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There are more than 50 hills within San Francisco city limit and operates the last manually operated cable car system in the world. Despite this challenging geography, San Francisco has invested millions and has rapidly grown its protected bike lane network.

Key facts 

  • Over the last decade, the city has invested more than 100 million dollars in cycling infrastructure, going from zero protected bike lanes in 2010 to more than 200 miles today.
  • Commuting by bike increased from 2.3% in 2006 to 4.3% in 2015. Estimated 82,000 trips by bike every day.
  • Between 2018 and 2021, the City will be investing a further $112m in bike-related improvements.
  • To work quickly, the City has adopted the “quick build” method, using paint and plastic or moveable concrete barrier to get protected bikes lanes and then allowing the community to provide feedback on ways to improve it.
  • However, San Francisco achieved its cycling mecca in a more controversial manner.
  • Critical Mass, a monthly political protest ride, originated in San Francisco in 1992 became the catalyst through some critical stages in the San Francisco’s transformation, including during the four-year injunction that prevented the development of its bike plan, that was eventually lifted in 2010.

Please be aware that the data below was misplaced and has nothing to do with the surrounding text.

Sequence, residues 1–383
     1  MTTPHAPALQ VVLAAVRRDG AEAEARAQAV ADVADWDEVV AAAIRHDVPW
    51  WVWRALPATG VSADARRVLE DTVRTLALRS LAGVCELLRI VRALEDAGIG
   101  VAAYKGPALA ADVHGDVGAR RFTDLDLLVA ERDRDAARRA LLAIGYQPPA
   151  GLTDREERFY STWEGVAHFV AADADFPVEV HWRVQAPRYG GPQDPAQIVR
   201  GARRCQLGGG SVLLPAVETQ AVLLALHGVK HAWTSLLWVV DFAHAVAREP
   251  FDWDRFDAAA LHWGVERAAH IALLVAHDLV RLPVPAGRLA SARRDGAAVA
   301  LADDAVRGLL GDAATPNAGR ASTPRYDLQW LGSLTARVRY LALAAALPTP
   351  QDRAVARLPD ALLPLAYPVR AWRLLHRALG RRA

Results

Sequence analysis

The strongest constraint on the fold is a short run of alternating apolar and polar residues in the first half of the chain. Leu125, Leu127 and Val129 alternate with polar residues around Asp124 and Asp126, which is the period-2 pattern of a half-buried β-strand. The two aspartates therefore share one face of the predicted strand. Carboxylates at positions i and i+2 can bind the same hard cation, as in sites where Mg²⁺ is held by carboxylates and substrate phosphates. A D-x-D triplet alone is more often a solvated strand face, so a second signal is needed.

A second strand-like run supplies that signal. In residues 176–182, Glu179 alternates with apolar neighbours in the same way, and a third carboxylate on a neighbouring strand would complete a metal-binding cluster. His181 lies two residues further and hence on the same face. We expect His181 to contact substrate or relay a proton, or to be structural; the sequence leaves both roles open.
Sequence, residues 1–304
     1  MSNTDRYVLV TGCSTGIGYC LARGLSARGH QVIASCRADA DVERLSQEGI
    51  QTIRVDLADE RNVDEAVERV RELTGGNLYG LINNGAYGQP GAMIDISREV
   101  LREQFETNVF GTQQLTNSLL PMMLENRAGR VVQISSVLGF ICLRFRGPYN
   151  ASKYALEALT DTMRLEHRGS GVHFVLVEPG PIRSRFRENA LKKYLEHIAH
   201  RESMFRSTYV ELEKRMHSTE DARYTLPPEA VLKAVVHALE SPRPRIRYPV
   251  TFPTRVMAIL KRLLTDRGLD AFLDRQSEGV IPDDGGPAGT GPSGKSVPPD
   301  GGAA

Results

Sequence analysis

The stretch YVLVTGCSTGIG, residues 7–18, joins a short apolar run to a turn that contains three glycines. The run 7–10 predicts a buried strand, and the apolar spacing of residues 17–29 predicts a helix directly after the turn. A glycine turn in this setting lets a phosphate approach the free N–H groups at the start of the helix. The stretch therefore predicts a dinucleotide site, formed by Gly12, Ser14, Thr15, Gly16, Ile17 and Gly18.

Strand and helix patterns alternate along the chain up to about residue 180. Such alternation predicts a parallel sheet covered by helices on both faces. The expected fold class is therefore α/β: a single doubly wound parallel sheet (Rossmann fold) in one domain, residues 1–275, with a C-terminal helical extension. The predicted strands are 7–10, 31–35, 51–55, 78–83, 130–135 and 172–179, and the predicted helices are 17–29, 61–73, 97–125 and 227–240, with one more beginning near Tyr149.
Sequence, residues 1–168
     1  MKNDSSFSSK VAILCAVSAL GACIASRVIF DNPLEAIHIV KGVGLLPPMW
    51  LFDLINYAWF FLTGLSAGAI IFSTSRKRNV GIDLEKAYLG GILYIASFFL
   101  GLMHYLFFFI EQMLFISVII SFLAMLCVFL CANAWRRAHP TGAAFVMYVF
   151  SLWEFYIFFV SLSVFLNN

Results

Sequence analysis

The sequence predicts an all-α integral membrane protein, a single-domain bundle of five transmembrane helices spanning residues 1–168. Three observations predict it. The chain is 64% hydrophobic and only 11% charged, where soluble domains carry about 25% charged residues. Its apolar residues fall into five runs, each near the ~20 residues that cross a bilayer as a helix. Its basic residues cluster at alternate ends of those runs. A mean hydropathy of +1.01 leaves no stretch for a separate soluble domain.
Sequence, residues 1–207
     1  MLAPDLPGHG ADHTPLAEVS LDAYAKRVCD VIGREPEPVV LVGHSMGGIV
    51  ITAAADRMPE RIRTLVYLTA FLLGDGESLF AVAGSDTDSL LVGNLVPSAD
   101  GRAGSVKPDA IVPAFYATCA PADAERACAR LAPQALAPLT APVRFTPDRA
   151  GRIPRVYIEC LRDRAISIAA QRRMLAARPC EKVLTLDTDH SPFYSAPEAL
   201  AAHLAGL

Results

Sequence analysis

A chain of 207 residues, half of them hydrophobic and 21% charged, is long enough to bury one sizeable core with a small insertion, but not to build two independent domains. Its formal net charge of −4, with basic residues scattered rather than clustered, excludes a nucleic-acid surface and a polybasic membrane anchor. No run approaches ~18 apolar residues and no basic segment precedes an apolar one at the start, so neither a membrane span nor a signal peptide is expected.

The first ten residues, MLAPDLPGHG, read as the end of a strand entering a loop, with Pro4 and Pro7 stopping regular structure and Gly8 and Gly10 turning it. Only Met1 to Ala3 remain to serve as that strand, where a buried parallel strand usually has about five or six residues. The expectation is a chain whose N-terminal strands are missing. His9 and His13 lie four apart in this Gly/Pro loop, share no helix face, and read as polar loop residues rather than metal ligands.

Key Project Temporary bikeway on Embarcadero

  • In 2013, a temporary, two-way bikeway put in place on a short stretch of the Embarcadero provided a brief glimpse of what a permanent, safe bike route along the waterfront could look like.
  • The bikeway was a measure to encourage attendees of the America’s Cup races to bike to the event, repurposing a north-side traffic lane and car parking lane for bicycling space separated from motor traffic using metal barricades.
  • This has allowed the city to devise plans and find the funding towards a permanent solution for San Francisco’s longest and most iconic landmarks.